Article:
As we continue our exploration of Orthodox liturgics, let us talk about the prayer to the Mother of God that has been said and chanted in our churches for over ten centuries. It is the text “It is truly meet,” the magnification of the Most Holy Theotokos. One remarkable detail about this text is that it consists of two parts. The first part reads:
“It is truly meet to bless you, O Theotokos, ever-blessed and most pure, and the Mother of our God.” This part is the refrain magnifying the Most-Pure Virgin, attributed to multiple authors. The second part goes:
“More honourable than the Cherubim, and more glorious beyond compare than the Seraphim, without defilement you gave birth to God the Word. True Theotokos we magnify you!” Its attribution is more straightforward. It was taken from the Irmos in Tone Six of the Ninth Hymn of the Great Friday Triodion, written most probably by Saint Cosmas of Mayum. Incidentally, the chanting of the second part was prescribed in the Jerusalem Typikon.
Chronologically, the text of the first part appeared some three centuries after the second. The dating of the latter is straightforward: its most probable author, Saint Cosmas of Mayum, was a contemporary of Saint John Damascene, who lived and worked from the late seventh to the first half of the eighth century. As concerns the first part, here is what the church tradition tells us about its origins.
The Athonite Petericon presents this story recorded in 1548 by Hieromonk Seraphim. In the late 10th century, during the reign of the Patriarch Nicholas II Chrysovergos, there lived on Mount Athos a pious Rasophore monk, who was in the discipleship of an elder. One Saturday night, while the elder was attending the All-Night Vigil at the main temple of the holy kinate of the Mount Athos in Kareia, a vagrant monk knocked on the disciple’s door. The disciple welcomed him inside.
Tradition has it that the stranger monk was the Archangel Gabriel in disguise. When the time came to chant the “More honourable than the Cherubim”, the monk sang instead “It is truly meet”. The disciple asked the monk to write the words on a stone. The monk carved them out easily, as if writing with fresh paint, and then vanished into thin air. After hearing about this incident, the elder passed it on to the Holy Kinot. Eventually, the story reached the ears of the Patriarch and Emperor. From then onwards, this text has forever been a part of church worship.
Admittedly, multiple Byzantine chants are similar to the hymn “It is truly meet”. For example, the second hymn of the Immaculate sung On the Great Saturday starts with the troparion: “It is meet to glorify you, the Life-Giver, Who spread out His arms on the Cross, and shattered the power of the enemy”. Similar texts also occur as refrains to the Seventeenth Cathisma, sung on various feasts. The troparions of St Gregory of Sinai – read after the Sunday Vespers – also start with the text: “It is truly meet to glorify You, God the Word; as His Cherubims shake and tremble, and the Heavenly Powers sing glory to Him.”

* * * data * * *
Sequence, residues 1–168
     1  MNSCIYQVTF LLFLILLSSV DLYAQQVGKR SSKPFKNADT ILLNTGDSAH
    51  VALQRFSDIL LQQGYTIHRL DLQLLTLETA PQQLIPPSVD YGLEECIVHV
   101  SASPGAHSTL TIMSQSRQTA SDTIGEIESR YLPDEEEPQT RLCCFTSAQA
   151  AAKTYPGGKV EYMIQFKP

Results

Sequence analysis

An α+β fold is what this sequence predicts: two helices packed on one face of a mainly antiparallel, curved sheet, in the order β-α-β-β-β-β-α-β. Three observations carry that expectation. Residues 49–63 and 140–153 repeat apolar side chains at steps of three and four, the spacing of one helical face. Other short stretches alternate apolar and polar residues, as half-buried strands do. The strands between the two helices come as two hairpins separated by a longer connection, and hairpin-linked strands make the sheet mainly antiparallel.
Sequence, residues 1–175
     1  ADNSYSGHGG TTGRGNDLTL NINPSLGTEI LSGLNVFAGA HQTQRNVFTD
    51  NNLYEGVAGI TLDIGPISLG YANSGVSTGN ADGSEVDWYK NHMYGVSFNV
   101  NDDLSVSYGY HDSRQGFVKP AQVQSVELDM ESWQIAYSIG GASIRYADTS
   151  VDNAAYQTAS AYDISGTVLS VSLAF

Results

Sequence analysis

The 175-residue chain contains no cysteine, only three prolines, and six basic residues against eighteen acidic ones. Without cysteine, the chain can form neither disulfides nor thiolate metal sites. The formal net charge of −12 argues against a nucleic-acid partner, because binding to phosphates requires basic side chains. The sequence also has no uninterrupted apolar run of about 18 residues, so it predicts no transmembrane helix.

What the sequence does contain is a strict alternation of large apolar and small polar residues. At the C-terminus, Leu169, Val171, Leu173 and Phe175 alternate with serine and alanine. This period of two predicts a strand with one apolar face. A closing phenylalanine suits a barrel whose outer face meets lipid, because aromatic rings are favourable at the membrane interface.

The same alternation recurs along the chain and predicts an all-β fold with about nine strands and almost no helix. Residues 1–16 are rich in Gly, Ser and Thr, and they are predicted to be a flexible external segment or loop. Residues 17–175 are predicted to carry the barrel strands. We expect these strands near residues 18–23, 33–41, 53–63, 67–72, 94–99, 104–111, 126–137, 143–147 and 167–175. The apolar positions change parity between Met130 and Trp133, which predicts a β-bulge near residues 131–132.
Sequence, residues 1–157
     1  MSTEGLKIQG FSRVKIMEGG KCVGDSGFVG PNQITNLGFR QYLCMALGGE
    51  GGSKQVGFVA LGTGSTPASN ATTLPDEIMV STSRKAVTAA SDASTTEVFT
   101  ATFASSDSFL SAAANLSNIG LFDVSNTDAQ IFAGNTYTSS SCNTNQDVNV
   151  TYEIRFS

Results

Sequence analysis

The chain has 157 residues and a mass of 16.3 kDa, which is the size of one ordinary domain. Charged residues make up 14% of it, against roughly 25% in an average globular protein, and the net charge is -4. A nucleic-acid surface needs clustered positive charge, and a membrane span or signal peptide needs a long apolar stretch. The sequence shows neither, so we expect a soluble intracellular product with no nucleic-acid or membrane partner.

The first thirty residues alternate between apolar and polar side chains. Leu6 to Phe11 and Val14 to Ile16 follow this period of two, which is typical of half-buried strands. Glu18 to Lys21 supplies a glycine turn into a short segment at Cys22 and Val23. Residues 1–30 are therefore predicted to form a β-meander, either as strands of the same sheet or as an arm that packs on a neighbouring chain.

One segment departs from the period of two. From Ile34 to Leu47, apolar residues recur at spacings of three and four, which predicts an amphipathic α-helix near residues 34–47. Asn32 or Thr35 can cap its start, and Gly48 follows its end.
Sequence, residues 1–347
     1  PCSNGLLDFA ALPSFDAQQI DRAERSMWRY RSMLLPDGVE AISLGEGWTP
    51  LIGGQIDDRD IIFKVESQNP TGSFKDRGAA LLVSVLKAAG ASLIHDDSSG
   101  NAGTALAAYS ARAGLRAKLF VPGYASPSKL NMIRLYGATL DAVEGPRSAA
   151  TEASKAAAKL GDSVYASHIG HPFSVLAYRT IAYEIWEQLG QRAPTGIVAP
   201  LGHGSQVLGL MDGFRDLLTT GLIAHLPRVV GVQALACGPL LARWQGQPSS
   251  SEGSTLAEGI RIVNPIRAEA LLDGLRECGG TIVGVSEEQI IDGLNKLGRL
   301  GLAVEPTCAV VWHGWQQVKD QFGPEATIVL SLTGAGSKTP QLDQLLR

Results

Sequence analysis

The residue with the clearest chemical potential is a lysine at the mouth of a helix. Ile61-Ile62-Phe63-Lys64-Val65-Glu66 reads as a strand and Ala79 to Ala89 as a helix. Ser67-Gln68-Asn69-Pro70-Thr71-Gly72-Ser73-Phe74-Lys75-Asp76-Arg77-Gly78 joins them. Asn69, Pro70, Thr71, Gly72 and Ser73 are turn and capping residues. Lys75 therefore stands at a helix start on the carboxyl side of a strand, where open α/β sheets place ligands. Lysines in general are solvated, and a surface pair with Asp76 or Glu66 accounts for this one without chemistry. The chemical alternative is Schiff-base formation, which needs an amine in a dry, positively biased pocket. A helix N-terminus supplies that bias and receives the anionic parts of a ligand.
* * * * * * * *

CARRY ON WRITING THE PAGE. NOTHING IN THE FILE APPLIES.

We are accustomed to finishing our prayers by singing “It is truly meet”. In church worship, this text is most commonly chanted after the ninth canon at Matins. It appeared in the Jerusalem Typicon, rather late in Church history. It was absent from its 12th-century manuscript, and likewise from the Studia Charter, which also did not have the hymn “My soul magnifies the Lord”. Many church historians believe that both texts were introduced simultaneously.
There is also an interesting background to the appearance of both hymns in the Studion Typicon. The Western variant of the Studion Typicon, the Typicon of Messina – dated 1131 – prescribes the chanting of seven irmoses magnifying the Mother of God after the ninth hymn of the Matins canon. There may have been a connection between the Eastern and Western traditions. The Slavic manuscripts of the Jerusalem Typicon of the sixteenth and seventeenth centuries called for the signing of “It is truly meet” (Worthy is) during weekday Matins only, which is still a practice today.
It was not until many centuries later that the magnification “It is truly meet” was first sung at a liturgy. Starting from the 16th century, we hear it immediately after the priest exclaims: “Especially for our most holy, pure, blessed, and glorious Lady, the Theotokos and ever-virgin Mary.” Throughout the chanting, the priest proceeds to read the Anaphora, or, more precisely, the part thereof termed “Interessio” or “Supplication”, a prayer for the living and the dead, and for the various needs of the Christian community.
In conclusion, let me talk briefly about the icon of the Mother of God “It is truly meet”, whose history is linked to the origin of the chant. According to tradition, the miraculous vision of the Archangel Gabriel linked to the introduction of the hymn in church worship happened on Mount Athos. Likewise, the order of the service commemorating the icon “It is truly meet” was written in 1838 by Hierodeacon Benedict from the Russian Monastery of Saint Panteleimon on Mount Athos.
Translated by The Catalogue of Good Deeds